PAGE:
Women as victims of religious/ideological extremism

Over the past few decades, factions in the mainstream religions – Christianity and Islam – have drifted towards very conservative/extreme ideals. These ideals, in my opinion, are founded and funded by institutions or individuals that have a deeply entrenched agenda far removed from the concerns of the people in which it purports to serve. Social and political institutions are now being driven by ideologies set up by a few. Of interest in my research topic is how women have been objects of different extreme views. In my next blog, I will try to answer why women are objects of abuse in this narrow ideological shift.

Over the past few years, controversies have arisen in regard to women dressing in Western Europe. France for example passed a law keeping religious symbols out of its schools principally aimed at prohibiting wearing of Muslim religious headscarf and Italian government, citing domestic terrorism, passed a law prohibited face coverings. Some German states have also banned schoolteachers from wearing headscarves. In the Middle East and North Africa region, the public has seen a shift towards a conservative religious dressing.

Last year (in the US), women contraceptives dominated policy and election debates. The conservative who are very ‘concerned about the morals of the ethical America’ have been very loud and did spend a lot of money trying to influence the electorate that contraceptive was the defining issue in regard to American moral values. What was surprising was how the public supported this engineered truth. They argued that, more than poverty and the first amendment, women contraceptive was the main issue in the 2012 campaigns.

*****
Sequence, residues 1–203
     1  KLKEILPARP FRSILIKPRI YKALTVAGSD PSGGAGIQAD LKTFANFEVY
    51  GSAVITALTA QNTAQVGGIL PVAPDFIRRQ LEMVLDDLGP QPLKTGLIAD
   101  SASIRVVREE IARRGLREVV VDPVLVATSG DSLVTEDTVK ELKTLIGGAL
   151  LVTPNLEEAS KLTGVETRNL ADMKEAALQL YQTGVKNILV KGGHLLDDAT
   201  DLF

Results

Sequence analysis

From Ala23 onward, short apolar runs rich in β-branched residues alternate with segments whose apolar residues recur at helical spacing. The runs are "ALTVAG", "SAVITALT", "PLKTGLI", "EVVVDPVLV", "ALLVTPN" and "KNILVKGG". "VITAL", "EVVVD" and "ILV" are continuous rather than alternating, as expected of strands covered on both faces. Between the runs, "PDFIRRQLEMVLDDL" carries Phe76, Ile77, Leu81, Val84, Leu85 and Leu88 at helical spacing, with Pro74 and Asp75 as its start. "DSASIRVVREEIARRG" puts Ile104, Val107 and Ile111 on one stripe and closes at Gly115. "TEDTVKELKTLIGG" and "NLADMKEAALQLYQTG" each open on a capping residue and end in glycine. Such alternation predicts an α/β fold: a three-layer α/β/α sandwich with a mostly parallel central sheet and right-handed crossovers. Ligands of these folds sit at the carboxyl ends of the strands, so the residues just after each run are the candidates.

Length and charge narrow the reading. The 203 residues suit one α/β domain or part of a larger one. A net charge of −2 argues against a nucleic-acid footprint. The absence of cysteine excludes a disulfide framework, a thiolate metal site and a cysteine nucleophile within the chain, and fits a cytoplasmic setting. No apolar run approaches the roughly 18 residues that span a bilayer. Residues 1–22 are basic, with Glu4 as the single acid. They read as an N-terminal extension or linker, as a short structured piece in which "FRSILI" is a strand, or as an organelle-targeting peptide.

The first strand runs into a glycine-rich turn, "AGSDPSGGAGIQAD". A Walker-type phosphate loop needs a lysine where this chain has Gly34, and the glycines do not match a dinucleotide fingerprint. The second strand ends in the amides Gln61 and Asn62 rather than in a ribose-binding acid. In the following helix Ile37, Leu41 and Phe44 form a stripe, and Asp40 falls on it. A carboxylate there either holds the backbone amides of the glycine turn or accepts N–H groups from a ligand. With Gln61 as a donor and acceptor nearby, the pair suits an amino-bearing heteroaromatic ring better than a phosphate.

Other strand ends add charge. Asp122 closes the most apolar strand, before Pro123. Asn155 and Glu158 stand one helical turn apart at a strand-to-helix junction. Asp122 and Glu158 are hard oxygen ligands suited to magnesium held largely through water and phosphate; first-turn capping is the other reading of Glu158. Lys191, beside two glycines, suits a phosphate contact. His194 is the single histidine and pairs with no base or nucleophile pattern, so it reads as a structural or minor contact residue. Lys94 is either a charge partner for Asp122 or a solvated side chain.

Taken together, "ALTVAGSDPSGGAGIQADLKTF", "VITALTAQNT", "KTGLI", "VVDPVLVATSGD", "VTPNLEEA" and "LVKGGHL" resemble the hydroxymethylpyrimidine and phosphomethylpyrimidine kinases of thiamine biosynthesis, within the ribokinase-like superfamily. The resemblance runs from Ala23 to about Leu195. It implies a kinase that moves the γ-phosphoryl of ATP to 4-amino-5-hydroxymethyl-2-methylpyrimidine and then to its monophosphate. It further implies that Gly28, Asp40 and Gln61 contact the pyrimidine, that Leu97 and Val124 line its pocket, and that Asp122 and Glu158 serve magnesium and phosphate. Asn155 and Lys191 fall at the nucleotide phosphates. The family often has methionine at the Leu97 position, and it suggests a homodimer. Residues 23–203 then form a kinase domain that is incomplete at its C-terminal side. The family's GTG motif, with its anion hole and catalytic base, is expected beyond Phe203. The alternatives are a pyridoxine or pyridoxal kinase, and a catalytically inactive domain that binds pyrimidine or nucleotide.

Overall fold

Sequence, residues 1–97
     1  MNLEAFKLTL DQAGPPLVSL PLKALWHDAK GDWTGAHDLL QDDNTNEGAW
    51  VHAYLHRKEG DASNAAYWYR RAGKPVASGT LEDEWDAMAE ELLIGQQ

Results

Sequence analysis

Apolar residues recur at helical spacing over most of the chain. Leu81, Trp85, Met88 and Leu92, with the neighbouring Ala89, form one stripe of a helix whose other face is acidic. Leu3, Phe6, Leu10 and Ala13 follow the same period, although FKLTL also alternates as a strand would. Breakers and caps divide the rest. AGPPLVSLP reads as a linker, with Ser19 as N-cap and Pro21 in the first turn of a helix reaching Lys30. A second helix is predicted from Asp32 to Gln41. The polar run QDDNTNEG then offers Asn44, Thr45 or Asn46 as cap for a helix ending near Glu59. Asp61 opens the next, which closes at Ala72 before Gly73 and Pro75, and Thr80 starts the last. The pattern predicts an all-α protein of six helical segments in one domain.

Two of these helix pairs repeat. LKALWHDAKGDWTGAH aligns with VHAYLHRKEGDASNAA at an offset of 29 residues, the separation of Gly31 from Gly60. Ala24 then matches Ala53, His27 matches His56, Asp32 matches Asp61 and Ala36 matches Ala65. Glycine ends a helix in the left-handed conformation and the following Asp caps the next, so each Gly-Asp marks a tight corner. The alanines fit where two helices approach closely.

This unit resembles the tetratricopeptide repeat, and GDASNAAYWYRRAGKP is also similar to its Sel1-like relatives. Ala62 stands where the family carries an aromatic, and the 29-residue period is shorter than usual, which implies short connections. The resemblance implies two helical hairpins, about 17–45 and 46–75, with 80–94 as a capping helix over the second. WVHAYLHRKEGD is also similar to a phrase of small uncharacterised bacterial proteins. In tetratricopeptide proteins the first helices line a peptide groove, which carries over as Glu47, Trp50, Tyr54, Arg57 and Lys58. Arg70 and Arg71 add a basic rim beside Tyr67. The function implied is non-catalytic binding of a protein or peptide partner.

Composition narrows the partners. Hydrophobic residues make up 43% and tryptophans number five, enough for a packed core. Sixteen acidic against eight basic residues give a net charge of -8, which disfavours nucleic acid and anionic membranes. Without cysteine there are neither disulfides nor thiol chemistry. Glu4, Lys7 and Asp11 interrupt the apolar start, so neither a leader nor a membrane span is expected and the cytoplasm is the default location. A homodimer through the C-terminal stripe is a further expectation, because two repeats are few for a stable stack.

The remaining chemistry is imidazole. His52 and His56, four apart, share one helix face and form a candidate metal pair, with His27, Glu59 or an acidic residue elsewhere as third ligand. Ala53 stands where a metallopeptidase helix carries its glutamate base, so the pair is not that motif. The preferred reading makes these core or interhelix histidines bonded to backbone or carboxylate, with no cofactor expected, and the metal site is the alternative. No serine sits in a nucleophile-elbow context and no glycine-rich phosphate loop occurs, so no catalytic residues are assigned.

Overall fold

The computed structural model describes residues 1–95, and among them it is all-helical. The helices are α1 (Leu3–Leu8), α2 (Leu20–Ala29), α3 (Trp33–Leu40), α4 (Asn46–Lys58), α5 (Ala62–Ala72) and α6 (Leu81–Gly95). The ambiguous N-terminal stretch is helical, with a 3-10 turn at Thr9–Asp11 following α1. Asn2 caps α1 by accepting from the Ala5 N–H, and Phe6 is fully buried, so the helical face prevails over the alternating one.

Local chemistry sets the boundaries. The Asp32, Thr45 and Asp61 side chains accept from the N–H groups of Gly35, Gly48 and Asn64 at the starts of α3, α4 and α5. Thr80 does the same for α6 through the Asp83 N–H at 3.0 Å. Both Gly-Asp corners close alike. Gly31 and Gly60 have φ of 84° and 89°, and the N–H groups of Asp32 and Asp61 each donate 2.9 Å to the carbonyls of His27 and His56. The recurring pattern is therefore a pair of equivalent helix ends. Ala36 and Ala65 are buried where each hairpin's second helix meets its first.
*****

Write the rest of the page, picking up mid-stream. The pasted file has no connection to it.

“In the Middle East region, religious discourse dominates societies, the airwaves, and thinking about the world. Mosques have proliferated throughout Egypt. Book stores are dominated by works with religious themes … The demand for sharia..”(The Age of Sacred Terror by Daniel Benjamin and Steven Simon, Random House, 2002, p.172-3)

I should make it clear that the new shift in values is not reflected in different moral and ethical values carried by different religious leaders. As Alaa Al- Aswany observed, there are sheikhs (in Egypt) who “enthusiastically advocate covering up women’s bodies but do not utter a single word against despotism, corruption, fraudulence.”

Over the recent past, we have also read about catholic priests who have been molesting young boys and advocating for certain limiting ideals about women. Of course, these leaders find justification of their messages in the religious texts but it is very interesting how they garner support among many women who are the victims of the constructed narrow ideological path.

Whether the veil is a requirement in the holy teachings of the prophet has been a wrong question that has been posed severally for wrong reasons. Being a non-Muslim, I will speak for the non-Muslim women and although I am not a feminist, I believe in some universal values. I might be biased and I would like to be called on if I explicitly come out as biased but no one should be forced to do or practice what they do not want or believe. I know many people agree with me on this but it is unfortunate how the masses have been fed with a view that advocating for individual liberties is a grievous ideal that should be punished in the highest possible terms – Sandra Fluke experienced it first hand. It is surprising how women and men alike support this view. Earlier on, I put a quote from the book, The Age of sacred terror, and it mentioned how religious discourse is dominating Egyptian society. Mainstream publishing houses and media channels are receiving enormous funding to air religious messages that seek to narrow the very ideals that we seek with education.




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